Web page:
Gaming in the lounge room is evolving rapidly and Google are entering the market (the US market for now). Stadia is a gaming service that not only let you stream games to play them, but also stream games to watch them.
Stadia is cross platform, enabling gamers to play from Desktops, Laptops, Tablets, phones and the TV.
Google says that when Stadia launches, it’ll run at 4K 60fps. That level of quality would obviously be dependant on your internet connection. This raises the curly question of Australia’s vast array of internet connection speeds.
While some lucky people (like myself) have FTTP running at close to 93Mbps down and 35Mbps up, many of the country don’t have access to speeds anywhere near that. When you appreciate that a majority of TVs being sold today are 4K and most houses have 2 or 3 TVs, it’s likely a household needs to facilitate streaming video content like Netflix or YouTube, while also simultaneously supporting new services like Stadia.
Remember when our Prime Minister couldn’t imagine use cases that would require more than 25Mbps, we’re there already and the NBN project isn’t even complete.
Here’s the one that’ll make your NBN really sad. Google says they’re not stopping at 4K60, in the future, they want to enable 8K, 120+ fps.
At launch Stadia will only be available in the US in 2019, but expect it to expand internationally over time. Google have servers in 19 regions, 58 zones across 200+ countries and territories. So with the right connections in user’s homes, its little more than flicking a switch to expand the Stadia into a new location.
Google are all about cloud services, so naturally Stadia leverages their platform strengths so any device with a Chrome browser can play. Google does say they plan to support more browsers and platforms over time. In theory, this should be possible using any HTML5-compatible browser like Edge, Safari or Firefox.
Above is a picture of the controller for Stadia. It’s basically what we expected from the renders a couple weeks back. The design is familiar, however the surprise is that the quad buttons on the right are actually labelled X, Y, B, A – notably in the same sequence than the Xbox controller.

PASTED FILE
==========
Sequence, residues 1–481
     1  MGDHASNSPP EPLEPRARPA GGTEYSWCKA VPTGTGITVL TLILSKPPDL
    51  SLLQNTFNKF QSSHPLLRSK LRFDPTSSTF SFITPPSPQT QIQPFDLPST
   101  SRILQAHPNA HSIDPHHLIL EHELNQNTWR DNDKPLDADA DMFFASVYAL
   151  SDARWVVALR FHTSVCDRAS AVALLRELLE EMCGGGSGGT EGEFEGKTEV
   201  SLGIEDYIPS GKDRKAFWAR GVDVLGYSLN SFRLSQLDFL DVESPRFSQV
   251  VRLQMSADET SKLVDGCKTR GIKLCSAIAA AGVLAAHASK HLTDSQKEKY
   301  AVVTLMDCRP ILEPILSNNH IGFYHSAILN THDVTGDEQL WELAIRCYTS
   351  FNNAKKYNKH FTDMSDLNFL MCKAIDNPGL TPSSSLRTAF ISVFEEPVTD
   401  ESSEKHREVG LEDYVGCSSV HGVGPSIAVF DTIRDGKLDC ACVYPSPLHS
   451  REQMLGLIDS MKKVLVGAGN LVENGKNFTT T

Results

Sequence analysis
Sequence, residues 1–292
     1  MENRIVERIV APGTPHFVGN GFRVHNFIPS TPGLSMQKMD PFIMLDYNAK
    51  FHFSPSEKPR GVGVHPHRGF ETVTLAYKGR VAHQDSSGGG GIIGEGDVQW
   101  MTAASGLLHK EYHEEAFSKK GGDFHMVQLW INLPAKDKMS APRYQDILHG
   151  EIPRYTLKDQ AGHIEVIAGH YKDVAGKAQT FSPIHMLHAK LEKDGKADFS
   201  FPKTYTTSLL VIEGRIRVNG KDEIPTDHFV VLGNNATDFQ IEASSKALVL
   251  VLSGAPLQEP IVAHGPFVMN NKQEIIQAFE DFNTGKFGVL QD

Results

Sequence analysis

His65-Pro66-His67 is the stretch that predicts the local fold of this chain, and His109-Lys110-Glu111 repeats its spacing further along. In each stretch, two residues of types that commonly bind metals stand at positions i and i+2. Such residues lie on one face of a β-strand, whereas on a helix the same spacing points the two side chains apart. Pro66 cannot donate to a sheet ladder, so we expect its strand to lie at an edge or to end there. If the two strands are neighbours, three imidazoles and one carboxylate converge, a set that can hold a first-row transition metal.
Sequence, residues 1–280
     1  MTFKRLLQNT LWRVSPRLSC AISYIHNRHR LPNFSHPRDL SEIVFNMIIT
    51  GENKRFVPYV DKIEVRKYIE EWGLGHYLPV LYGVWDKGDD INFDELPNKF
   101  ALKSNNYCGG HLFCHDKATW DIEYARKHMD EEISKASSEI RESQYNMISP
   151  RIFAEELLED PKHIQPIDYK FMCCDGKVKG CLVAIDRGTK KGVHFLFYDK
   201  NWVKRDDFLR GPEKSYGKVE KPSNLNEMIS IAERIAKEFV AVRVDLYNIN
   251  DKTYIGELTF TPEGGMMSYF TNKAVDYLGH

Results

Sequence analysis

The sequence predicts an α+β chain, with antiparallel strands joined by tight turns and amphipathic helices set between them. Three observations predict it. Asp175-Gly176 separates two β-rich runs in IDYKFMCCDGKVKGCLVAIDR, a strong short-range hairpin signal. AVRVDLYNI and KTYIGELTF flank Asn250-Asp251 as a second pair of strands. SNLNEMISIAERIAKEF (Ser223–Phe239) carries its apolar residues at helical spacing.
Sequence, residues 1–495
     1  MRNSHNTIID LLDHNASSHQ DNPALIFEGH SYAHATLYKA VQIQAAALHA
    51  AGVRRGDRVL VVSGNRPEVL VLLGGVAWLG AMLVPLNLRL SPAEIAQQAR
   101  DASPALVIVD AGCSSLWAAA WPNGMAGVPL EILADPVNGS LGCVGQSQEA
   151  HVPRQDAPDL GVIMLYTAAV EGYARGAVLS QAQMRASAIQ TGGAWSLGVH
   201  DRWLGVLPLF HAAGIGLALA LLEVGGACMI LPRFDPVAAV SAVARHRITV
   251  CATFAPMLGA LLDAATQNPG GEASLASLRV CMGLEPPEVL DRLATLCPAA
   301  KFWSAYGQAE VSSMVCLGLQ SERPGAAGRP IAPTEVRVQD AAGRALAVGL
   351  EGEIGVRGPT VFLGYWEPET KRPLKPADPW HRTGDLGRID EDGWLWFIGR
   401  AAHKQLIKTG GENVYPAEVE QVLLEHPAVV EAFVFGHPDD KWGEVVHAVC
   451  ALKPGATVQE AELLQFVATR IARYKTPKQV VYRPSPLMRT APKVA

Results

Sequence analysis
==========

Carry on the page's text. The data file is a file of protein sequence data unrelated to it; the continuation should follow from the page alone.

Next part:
Having this labelling means developers will want to use this labelling in their games, while prior to this Stadia controller, on-screen virtual buttons enabled the developers freedom to choose their own.
The controller connects over WiFi to Google’s data centers. You can also use existing USB controllers (read Xbox controller) when playing on a laptop or desktop.
The Stadia Controller features a built-in Assistant button which uses the built-in microphone to enable voice commands. The other new button is the capture button, enabling you to stream privately, to your friends or to the world (over YouTube).
If you had any doubts how serious Google were with Stadia, look no further than this. Developers will have the chance to integrate a ‘Play Now’ button into their YouTube channel.
This means that if you’re on the official YouTube Channel for a game and you’re watching a video about a game, you’re likely to the button to start Stadia. Google says clicking this will have you in the game and playing within 5 seconds (in the browser).
The goal posts for gaming just changed considerably.
There’s no download, install, patching and updates, just play the game because everything streams to you and you’re inputs are streamed back to the service. The big achievement here is that Google have lowered the latency on this and are able to do this at scale.
If you missed the event, you can check out the full replay of Google’s GDC Keynote below.